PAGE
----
Male pelvic floor therapy is no different than female pelvic floor therapy. The anatomy is slightly different but what is looked such as pelvic stability and the internal manual treatment are essentially the same. Male pelvic floor therapy MUST include looking at the pelvis, the ‘house’ that the pelvic floor is the ‘floor’ of.
Before we begin, let’s see what the pelvic floor is, what the associated symptoms with pelvic floor dysfunction are, and how male pelvic floor therapy is done. I strongly suggest that you visit my blog page packed with valuable information related to pelvic floor dysfunction, its causes, symptoms, signs, treatment, and failures in treatment.
Where Is The Pelvic Floor?
As stated in my blog, Pelvic floor exercises for women, “The pelvic floor involves the inner lining of the pelvic inlet as well. The pelvic inlet is like a 3-piece-bowl and these muscles line the bowl holding the bladder, uterus, ovaries, and intestine which can get ‘squished’ or compressed by the pressure coming from above. This pressure is influenced by our breathing, posture (and postural distortion), and spinal abnormalities such as Scoliosis, Pectus Excavatum (pushed in chest), and Pectus Carniatum (pushed out chest).
Since the bowl has 3 pieces that meet as 2 joints in the back forming the Sacro-iliac joints (or SI joint between Sacrum and Ilium), and in the front to form the Pubic Symphysis or the pubic bone, the alignment and health of these joints play a role and in women, because of pregnancy and childbirth, they can get compromised.
The hips form a joint with the Acetabulum or Socket, and the lower back sits on top of the pelvis; their direct attachment to the ‘bowl’, and the impact of the lower portion of the mid-back on the lower back directly influences the integrity of the alignment of the bowl. If you are thinking that the pelvic floor is unstable and weak, that is not true by any means. The joints are reinforced by an intricate network of connective tissue and the flexibility of these joints is quite strong so you should look at it like an earthquake-resistant building that can withstand quite a bit but the building should be inspected after each jolt and if minor fixings are taken care of, it will be well prepared for the next jolt.”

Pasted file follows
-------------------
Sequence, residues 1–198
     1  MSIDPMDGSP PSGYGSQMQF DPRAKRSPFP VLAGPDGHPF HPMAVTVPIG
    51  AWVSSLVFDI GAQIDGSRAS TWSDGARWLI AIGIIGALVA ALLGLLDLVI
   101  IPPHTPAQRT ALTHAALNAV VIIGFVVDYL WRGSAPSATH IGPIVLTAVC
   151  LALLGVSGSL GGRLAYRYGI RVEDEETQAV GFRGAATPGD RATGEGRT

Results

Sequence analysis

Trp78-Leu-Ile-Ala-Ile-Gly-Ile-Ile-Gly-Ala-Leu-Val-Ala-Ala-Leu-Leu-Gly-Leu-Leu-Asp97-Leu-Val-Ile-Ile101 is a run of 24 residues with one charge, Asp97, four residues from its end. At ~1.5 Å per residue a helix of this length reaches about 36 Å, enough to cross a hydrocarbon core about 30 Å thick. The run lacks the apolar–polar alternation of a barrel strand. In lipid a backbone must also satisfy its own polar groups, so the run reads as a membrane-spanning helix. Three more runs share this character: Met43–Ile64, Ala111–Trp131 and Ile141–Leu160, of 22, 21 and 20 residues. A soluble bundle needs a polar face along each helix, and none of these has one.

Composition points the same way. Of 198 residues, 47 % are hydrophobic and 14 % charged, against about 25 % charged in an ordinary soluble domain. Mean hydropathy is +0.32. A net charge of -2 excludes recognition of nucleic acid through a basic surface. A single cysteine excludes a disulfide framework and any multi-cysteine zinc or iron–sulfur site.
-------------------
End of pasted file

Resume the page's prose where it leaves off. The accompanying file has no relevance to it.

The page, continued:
What Are The Symptoms of Pelvic Floor Dysfunction?
I have written a whole blog on the obvious and subtle signs and symptoms of pelvic floor dysfunction that I strongly recommend you refer to. The ones that the majority of people refer to are:
- Urinary incontinence
- Fecal incontinence or Bowel incontinence
- Prolapse of uterus
- Bladder prolapse
- Bladder pain syndrome or Interstitial Cystitis
- Feeling pain in the pelvic area with or without going to the bathroom
- Pain in the vulva or penis
But there are so many other symptoms and signs that should flag pelvic floor dysfunction early on that are being missed!! That is because we live in a society that only looks at BIG, LOUD findings when the smart way is to recognize the subtle signs and not wait until the small problems become big. Watch this video to learn what we should be doing now and going forward!
What Does Male Pelvic Floor Therapy Include?
When it is determined that there is pelvic instability and pelvic floor dysfunction, regardless of gender, in my clinic, this is the checklist to follow:
- Stability of the pelvis
- Movement assessment and quality
- Range of motion of the hips, lower back
- Forward posture of the pelvis and torso
- Exercises related to at least those areas
- Quality of breathing
- Read my blog on the very subject
- Spinal manipulation of the mid-back, lower back, and pelvis
- Active Release Technique of the muscles of the hips, sacro-iliac, and lumbar spine
- Nutritional recommendation to support tissue recovery
- Sports and activities and how they are performed
- Assuring that they do not contribute to the problem unknowingly
- May or may not use Emsella Chair to strengthen the muscles inside the pelvis
- Sleeping positions
- Perhaps even adjust it to what is happening at the time until the issue is addressed and progressed
- Internal pelvic floor muscle
Male pelvic floor dysfunction, like all health related conditions must include a comprehensive approach or the partial treatment will lead to a partial solution, a problem that lingers and keeps coming back.
If you have pelvic floor dysfunction, if you do not wish to have internal manual work done or have had it done and have received minimal result, you may wish to contact my office.